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The National Zoo's Summer of Discontent

After animal deaths, inquiry found an aging facility, and staff and budget woes. A return to greatness is promised.

August 03, 2003|Susannah Rosenblatt | Times Staff Writer

WASHINGTON — Visit the National Zoo these days, and the scenes are of summer as usual: A camel blinks slowly in the sun as it lounges on a bed of straw, the giant pandas munch blissfully on bamboo as staff members track a possible pregnancy, and swarms of children in shorts and sneakers crowd in for a glimpse of the seals' acrobatics. But in recent months, the zoo's behind-the-scenes activities have been attracting far more attention, much of it unwanted, than its animal stars.

Once among the world's preeminent zoos, the Smithsonian National Zoological Park -- the zoo's official name -- is now operating with only provisional accreditation, is the subject of congressional hearings and is grappling with negative publicity resulting from a string of animal deaths. The scrutiny has revealed an aging facility with a shrinking animal collection, the result of inadequate funding and years of neglect.

In January 2000, two of the zoo's zebras -- malnourished and lacking adequate warmth -- died of hypothermia. Then came the deaths of a number of other animals, including an orangutan, a lion, a seal, a hippopotamus, a white tiger and two giraffes, all attributed by zoo officials to illness, age or injury.

Last January, two red pandas died after rodent poison was placed in their enclosure to deal with a rat problem. On July 4, a fox from neighboring Rock Creek Park wriggled into a bald eagle exhibit, killing a bird that was unable to fly.

Lawmakers wanted answers from the zoo, which is a part of the Smithsonian Institution and receives federal funding -- almost $24 million this year.

In March, the House Administration Committee, which supervises the Smithsonian, held a hearing on the deaths. Later that month, the American Zoo and Aquarium Assn. refused to renew the zoo's accreditation for the usual five years, giving it a provisional one-year accreditation while problems are reviewed.

The association cited the zoo's crumbling buildings, miscommunication among management, stagnant animal collection, inadequate federal funding and the administrative inexperience of the zoo's director, Lucy H. Spelman. She was the zoo's head veterinarian when she was promoted to the top post in 2000 at the age of 37.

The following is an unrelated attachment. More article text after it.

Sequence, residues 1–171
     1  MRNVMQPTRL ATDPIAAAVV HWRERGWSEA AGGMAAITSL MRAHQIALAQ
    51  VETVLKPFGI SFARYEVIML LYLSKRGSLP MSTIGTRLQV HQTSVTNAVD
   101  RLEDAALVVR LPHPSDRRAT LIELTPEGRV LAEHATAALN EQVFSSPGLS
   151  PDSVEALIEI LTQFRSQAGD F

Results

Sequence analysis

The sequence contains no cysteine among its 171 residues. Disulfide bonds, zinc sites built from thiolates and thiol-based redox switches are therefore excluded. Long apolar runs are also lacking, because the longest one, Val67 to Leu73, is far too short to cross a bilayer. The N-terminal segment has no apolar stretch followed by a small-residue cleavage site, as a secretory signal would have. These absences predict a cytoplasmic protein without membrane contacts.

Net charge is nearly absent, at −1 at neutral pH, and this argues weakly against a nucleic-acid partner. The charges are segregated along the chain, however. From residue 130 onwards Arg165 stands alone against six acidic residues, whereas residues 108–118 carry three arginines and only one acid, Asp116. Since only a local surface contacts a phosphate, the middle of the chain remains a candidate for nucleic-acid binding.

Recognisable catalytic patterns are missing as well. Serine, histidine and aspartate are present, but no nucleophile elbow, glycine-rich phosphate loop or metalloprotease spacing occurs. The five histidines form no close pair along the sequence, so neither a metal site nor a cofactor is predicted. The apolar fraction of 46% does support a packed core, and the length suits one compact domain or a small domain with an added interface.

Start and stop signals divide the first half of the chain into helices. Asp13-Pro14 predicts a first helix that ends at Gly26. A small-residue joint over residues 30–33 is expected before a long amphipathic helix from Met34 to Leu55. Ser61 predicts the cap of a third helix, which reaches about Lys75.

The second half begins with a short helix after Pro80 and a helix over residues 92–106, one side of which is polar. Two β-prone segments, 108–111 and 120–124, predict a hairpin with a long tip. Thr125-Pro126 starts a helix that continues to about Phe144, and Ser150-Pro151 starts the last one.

Despite the problems, Spelman is committed to leading the zoo out of its public relations morass and repairing a campus that opened in the late 1800s. "Our vision for the future National Zoo is to restore it to great zoo status," she told the congressional committee in March.

In her testimony, Spelman acknowledged that human error caused the deaths of the zebras and the red pandas, and told of personnel changes that were made in an effort to eliminate the management gaps that led to those and other deaths. A new position of general curator was created to provide greater oversight of the animal collection, she said, while departments and policy were changed to increase staff communication and accountability.

Based on information gleaned at the hearing, Congress requested an investigation of the zoo by the National Academy of Sciences, which advises the government on scientific issues. A 15-member committee will make unannounced visits to the zoo to "assess the quality and effectiveness of animal management, husbandry, and care," said the academy's spokesman, Bill Kearney. The panel will produce an interim report in six months and make final recommendations next summer, he said.

An inventory soon after Spelman became director found nearly one-third of the buildings, some of which are more than 75 years old, to be substandard, including the popular elephant and sloth exhibits.

In January, the Australia exhibit building was razed because of structural weaknesses, and the kangaroos and emus were relocated. The pool for the seals and sea lions was found to leak. Only a handful of exhibits -- including the high-profile giant panda and Amazonia exhibits -- passed muster.

"Many people don't realize the zoo is over 100 years old," Spelman said in an interview last week, adding that, in her opinion, the National Zoo should be renovating one of its 25 buildings each year.

"So many zoos ... that were built in the 1800s are dealing with infrastructure problems," said Jane Ballentine, spokeswoman for the American Zoo and Aquarium Assn. While no other zoo receives federal funding, many have struggled with budget problems, she said. The National Zoo, she noted, is among only 13 of the association's 176 member zoos that do not charge admission.

The San Diego Zoo's $100-million yearly budget comes from donations, memberships and a $19.50 adult entry fee, said spokeswoman Christina Simmons. That zoo has launched a $26-million renovation project for its ape house and other areas.

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